If you get a packaged that appears damaged, take pictures of everything before you open it, and then through the process.  If there is damage to the ‘item,’ you will need those pictures along with the original packaging to file a claim and get reimbursed.

On rare occasions, the jostling of the machine through the shipping process can cause internal damage.  If your new or repaired device does not function straight out of the box as intended, there is a good chance that in the process the ‘500-pound Gorilla’ got too exuberant.  Machines sent from my shop are bench tested for two weeks before they are shipped.  My percentage of warranted returns is less than 2%, and in every instance, it was due to shipping and handling issues.

In known bad areas of the country, I will double box the machine.  Please let us know if you suspect your postage, UPS or Fed X handlers employ the proverbial gorilla.  The cost of double-boxing is minimal, considering the frustration of getting a broken machine back from a sale or service.  We have all seen the video where the delivery person launches your package toward your door from over twenty feet away and leaves.  Those warehouses are hot or cold, and those people don’t have too much skin in the game.  Much like the baggage handlers at the airport, they don’t seem to care.

If you are in Louisiana, you probably remember this event from the picture above.

We very much enjoyed meeting those of you that were there and look forward to serving your needs without pestering you.

We are planning a tour of your state in the upcoming months.  Please take a look at my site for products and or services and let me know if you would like a visit.  www.timedok.com  Unlike most, I will not bother you if you don’t need what I offer.  As a businessman, I too have to screen calls and ignore the 866 numbers.

Most of my customer base is word of mouth, and that bodes well for what I do.  I will go the extra mile for my customers… If you would like that kind of service, check us out… It is DOK with a K!.

 

Cheers!

Is Buffoonery the new American Norm?

Is Buffoonery the new American Norm?

 

“Doctor, when I do this it hurts.  My hair is thinning, and I am tired all the time.”

“Is that all?”

“Yes, other than this strange growth on my neck. What can you give me to make it better?”

“We must run some test first to see if these symptoms are related and then figure out what is causing them.”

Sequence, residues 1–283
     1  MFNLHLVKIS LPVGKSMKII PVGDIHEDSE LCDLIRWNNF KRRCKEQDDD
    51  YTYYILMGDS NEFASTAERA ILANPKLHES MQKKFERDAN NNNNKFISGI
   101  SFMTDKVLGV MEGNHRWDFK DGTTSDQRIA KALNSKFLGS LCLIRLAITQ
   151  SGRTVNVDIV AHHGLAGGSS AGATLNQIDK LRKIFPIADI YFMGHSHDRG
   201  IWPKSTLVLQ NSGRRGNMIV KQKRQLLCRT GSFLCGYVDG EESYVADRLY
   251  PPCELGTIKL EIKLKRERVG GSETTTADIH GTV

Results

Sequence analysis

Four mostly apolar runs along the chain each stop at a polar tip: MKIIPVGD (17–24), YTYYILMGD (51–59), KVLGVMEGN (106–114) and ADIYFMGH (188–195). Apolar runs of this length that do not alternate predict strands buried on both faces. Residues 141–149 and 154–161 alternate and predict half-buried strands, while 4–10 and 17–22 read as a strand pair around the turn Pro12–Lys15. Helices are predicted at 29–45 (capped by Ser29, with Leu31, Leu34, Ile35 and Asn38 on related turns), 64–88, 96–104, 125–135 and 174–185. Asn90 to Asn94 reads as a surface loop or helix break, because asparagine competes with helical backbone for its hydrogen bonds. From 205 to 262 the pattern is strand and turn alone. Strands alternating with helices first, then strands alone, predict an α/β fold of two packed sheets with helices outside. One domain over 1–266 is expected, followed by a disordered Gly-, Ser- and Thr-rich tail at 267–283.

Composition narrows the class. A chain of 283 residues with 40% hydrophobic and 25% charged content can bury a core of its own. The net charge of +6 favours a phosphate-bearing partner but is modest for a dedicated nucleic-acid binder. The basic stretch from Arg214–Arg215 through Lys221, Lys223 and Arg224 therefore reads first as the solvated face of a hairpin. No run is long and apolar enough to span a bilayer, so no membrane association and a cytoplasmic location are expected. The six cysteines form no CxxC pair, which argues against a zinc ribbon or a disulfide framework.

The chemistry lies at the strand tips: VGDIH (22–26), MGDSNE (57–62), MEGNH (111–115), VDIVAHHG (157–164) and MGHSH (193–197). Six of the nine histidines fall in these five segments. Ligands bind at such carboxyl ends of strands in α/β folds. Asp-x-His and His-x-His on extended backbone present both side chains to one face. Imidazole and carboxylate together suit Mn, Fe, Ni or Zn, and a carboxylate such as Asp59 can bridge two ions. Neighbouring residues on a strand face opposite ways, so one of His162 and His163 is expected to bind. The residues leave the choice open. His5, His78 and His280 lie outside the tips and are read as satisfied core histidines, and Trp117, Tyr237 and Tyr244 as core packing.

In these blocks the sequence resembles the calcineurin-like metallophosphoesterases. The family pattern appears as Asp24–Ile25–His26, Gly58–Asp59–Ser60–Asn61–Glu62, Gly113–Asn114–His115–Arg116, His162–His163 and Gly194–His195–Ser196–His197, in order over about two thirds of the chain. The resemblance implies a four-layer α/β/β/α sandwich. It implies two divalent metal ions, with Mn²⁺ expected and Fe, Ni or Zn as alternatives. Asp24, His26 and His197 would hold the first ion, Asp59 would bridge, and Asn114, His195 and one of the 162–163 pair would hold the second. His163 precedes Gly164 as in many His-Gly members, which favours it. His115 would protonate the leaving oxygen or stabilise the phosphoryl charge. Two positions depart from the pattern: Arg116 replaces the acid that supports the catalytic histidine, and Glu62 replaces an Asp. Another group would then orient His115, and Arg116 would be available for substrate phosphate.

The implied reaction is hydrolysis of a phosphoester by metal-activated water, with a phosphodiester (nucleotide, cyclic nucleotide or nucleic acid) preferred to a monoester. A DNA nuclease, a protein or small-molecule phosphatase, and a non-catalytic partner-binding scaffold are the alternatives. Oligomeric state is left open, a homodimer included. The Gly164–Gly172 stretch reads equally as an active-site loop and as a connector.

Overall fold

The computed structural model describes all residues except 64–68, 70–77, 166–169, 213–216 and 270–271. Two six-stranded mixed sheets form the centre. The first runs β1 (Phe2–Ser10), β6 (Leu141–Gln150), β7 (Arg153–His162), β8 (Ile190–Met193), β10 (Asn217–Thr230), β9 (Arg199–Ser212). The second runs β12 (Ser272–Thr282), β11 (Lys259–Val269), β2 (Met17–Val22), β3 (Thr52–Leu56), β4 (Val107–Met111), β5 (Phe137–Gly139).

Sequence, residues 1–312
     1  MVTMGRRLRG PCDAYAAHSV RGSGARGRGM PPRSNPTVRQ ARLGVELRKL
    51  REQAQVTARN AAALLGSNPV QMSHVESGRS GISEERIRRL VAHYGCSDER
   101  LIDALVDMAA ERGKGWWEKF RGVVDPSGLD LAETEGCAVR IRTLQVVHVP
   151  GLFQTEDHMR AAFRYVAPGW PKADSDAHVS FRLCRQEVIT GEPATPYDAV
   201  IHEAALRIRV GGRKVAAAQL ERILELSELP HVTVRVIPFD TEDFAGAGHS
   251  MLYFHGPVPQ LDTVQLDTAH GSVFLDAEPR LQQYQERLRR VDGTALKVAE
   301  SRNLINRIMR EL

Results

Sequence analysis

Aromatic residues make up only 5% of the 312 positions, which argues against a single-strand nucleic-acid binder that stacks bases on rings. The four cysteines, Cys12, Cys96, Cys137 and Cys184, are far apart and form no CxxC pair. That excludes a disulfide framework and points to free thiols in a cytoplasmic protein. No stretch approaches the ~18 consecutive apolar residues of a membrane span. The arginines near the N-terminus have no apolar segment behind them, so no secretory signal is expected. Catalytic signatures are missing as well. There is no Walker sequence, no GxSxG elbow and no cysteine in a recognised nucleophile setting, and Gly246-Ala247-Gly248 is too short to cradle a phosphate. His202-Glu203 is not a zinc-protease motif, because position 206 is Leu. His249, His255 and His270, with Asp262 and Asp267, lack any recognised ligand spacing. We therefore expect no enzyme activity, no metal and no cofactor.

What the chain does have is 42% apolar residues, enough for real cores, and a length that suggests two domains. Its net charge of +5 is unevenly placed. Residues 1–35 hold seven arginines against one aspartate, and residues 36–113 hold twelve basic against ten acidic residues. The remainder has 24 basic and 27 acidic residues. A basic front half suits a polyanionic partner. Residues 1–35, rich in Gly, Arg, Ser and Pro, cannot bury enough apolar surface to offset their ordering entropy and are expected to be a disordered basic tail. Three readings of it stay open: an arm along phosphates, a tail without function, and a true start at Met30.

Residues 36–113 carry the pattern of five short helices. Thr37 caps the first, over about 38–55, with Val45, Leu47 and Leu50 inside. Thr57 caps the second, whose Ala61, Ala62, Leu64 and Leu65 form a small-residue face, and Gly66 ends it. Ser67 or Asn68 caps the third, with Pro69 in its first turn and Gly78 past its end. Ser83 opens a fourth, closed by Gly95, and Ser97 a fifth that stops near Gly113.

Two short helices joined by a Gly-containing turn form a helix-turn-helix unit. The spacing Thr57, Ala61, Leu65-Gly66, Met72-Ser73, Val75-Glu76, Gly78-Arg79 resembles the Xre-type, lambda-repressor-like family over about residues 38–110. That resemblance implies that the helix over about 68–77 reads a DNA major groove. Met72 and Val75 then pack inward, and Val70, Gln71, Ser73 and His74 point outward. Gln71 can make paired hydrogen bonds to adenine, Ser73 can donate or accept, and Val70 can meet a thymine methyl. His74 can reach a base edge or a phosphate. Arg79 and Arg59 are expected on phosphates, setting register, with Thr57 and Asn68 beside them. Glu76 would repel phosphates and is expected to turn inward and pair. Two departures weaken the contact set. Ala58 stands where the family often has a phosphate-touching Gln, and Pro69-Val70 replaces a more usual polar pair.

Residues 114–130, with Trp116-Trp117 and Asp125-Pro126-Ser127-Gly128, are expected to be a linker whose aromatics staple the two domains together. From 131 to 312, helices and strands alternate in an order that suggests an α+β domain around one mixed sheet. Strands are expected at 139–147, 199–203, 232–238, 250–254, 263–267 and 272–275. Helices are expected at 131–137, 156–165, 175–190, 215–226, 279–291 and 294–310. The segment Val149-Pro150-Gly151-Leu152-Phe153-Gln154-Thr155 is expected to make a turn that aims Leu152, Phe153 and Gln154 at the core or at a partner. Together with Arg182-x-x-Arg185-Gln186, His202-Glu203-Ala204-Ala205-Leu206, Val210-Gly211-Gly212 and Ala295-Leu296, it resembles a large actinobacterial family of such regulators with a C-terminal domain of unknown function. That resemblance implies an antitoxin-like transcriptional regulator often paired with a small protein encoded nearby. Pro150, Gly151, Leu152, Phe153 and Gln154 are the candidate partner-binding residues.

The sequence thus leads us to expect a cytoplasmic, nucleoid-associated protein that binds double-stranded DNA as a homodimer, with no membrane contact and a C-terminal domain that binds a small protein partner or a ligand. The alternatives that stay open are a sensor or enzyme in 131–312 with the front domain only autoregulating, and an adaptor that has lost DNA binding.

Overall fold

“You doctors are all alike, you just want to run my bill up with unnecessary test, so you can make a car payment or even a house payment.  Just prescribe something, and I will be on my way.”

The patient in the above dialogue is a Buffoon.

Oddly enough, I get this same kind of rhetoric when I am called out to come up with a disaster recovery plan and discover that they have many other issues.

“Do you think you can fix these issues we are having?”

“What are some of the issues?”

“Computers drop off the network for no reason.  Printers often don’t get their print jobs, we think it is the printer, so we keep calling Cannon out, but they never fix it! The internet is slow and sometimes unresponsive.  Our phones don’t always work.  The phone vendor keeps telling us it is not his problem but you know those vendors, get your money and then forget they know you.  My lead guy tells me we need more internet bandwidth, would that fix it?”

“It sounds like you have some serious issues, when would you like me to start?”

“Start?  Just go push the right button and fix it!  How long will it take?”

“It depends on what I find.”

“What do you charge?”

“$125 an hour unless you would like to have me out here on a contract for a set amount of time.”

“What would you charge if I contract with you for two hours.”

“$250, (and it may be more if I have to deal with stupid nonsense like this, while I am working.)

“Truly I get this kind of stuff from CIO’s no less.”

The old joke about a thousand dollars regarding kicking a computer to make it work is just a joke.  While that might end up being the final diagnosis (which I doubt), this is a mindset from those who have no idea of what they are talking about.

Truly if it is from someone outside of IT, it is not their fault. Their job is to run the company, turn a profit or drive the business to produce more of what they do.  It is not to run IT.  Now if the CIO has this dialogue with you as a consultant then you have issues.

Some people are in high up positions because of who they knew and not what they knew.  Some are there because their parents own the company.  I personally try to stay out of situations like that because it hardly ever ends well.  I have done it many times in the past.  One of the most frustrating things is working for a guy “CIO” who did not even have a computer at home.  He knew little about computers or technology other than green screen 5250 stuff as a programmer, using RPG or Cobol.

When I walk in your door to resolve an issue or create a disaster recovery plan, there are things that I want to see.